Resilient infrastructure for smart cities

In particular, we focus on developments in the area of smart infrastructure. This requires a holistic consideration of all the aspects of municipal infrastructure, covering the areas of water, energy, food and waste/residual flows. Fraunhofer IGB has many years of experience in integrated water management on the municipal and regional level, as well as in the use and development of new methods made available through the increasing digitalization of the water sector. This work focuses on the development of integrated strategies and implementation concepts to help cities, towns and neighborhoods cope with heavy rainfall, drought and other extreme weather events caused by climate change, taking into account a circular economy in the sense of the bioeconomy.

The city as a living lab for bioeconomy

A city produces enormous amounts of wastewater, waste and exhaust air in a restricted space, which are currently mainly "disposed of". But the emissions contain organic residues, nutrients or CO2 – residues that can be used as raw materials for new products according to the bioeconomy approach using biological processes, procedures and principles.

Where and how much biowaste, other waste and residual materials, wastewater, exhaust gases and CO2 actually arise in the industrial, commercial and municipal sectors of a city? And what concrete measures could be used to implement solutions for the sustainable design of cities and municipal industry with bioeconomic approaches?

These are the questions addressed by the "urban BioEconomyLab" project, which was launched at the end of 2021 and is funded by the Baden-Württemberg Ministry of the Environment as part of the state strategy for a sustainable bioeconomy. With the scenarios and measures developed in the project, Fraunhofer IGB aims to enable three selected pilot regions in Baden-Württemberg to establish a sustainable bioeconomic economic area. The CityLab methodology developed as part of the Fraunhofer Morgenstadt initiative is being applied here. Its core element is a comprehensive analysis of all urban sectors, from which recommendations for decision-makers are derived.

Water management – New infrastructures for sustainable and energy-efficient water management

The Wolfsburg-Hattorf wastewater treatment plant piloted wastewater treatment and a hydroponic system between 2017 and 2019.
The Wolfsburg-Hattorf wastewater treatment plant piloted wastewater treatment and a hydroponic system between 2017 and 2019.

The water infrastructure systems of today's industrialized countries were created more than 100 years ago, i.e. they are based on the technological approaches of the time and are inefficient and expensive by today's standards. Conventional water infrastructure systems in the majority of industrialized countries are designed for the single use of water. With the exception of internal water recycling in industrial production facilities and initial approaches to regenerative water supply, there are no plans for reuse.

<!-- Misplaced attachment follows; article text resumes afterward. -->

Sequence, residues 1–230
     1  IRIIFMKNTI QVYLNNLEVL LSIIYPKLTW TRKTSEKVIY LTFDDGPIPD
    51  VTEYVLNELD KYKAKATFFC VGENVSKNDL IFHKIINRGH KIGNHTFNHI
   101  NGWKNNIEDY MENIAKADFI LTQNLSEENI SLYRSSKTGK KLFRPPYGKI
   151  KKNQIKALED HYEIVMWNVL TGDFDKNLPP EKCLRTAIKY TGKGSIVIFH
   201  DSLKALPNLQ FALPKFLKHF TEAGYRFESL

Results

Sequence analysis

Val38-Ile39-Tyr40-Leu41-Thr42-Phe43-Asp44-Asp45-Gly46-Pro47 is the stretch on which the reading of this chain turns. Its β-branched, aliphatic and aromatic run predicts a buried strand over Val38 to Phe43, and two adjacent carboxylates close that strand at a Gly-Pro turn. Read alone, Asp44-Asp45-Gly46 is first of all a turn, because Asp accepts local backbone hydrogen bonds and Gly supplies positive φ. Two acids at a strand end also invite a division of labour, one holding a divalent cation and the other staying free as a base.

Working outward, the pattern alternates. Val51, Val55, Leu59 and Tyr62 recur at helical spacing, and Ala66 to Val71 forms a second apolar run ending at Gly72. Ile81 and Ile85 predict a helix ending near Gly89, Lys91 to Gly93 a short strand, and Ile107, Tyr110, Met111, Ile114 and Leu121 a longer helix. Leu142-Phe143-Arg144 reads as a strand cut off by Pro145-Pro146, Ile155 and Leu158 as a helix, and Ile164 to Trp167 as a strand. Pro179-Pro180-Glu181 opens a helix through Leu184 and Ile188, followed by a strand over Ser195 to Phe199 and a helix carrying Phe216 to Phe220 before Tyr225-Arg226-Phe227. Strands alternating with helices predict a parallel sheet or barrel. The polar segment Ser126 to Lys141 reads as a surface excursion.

The technological challenges surrounding the topic of water are manifold. If existing resources are to be better used or new ones developed, innovative paths must be taken: Decentralized and adaptable infrastructure systems that collect and distribute water play just as decisive a role as possibilities for multiple use. Rainwater should be treated and developed as a new water resource. A needs-based purification of wastewater can be achieved with modern, cost-effective filter technology and adapted biological processes. In the ideal case, the ingredients of the wastewater are almost completely recycled in the purification process, both energetically and materially.

Fraunhofer IGB has already developed a wide range of technical innovations for sustainable water management. These are integrated into a holistic infrastructure concept that also takes into account energy supply and waste management. We adapt individual developments to the respective requirements of the region and combine different building blocks into an individual solution concept.

Wastewater as a resource

Nutrient recovery from wastewater

For the recovery of inorganic nutrients from municipal, industrial and agricultural wastewater, the IGB has developed an electrochemical process in which nitrogen and phosphorus are precipitated with a magnesium electrode as magnesium ammonium phosphate (struvite), a high-quality fertilizer.

The wastewater treatment plant as a biorefinery

The approach of using all the ingredients of wastewater goes one step further. In addition to recovering nutrients, suitable technologies can also be used to produce carbon-based products.

© Fraunhofer IGB
The electrolysis cell ePhos® extracts nitrogen and phosphorus purely electrochemical. The process is very straightforward and doesn’t require to stock chemicals.

Further information


The nexus of water – energy – food security – resources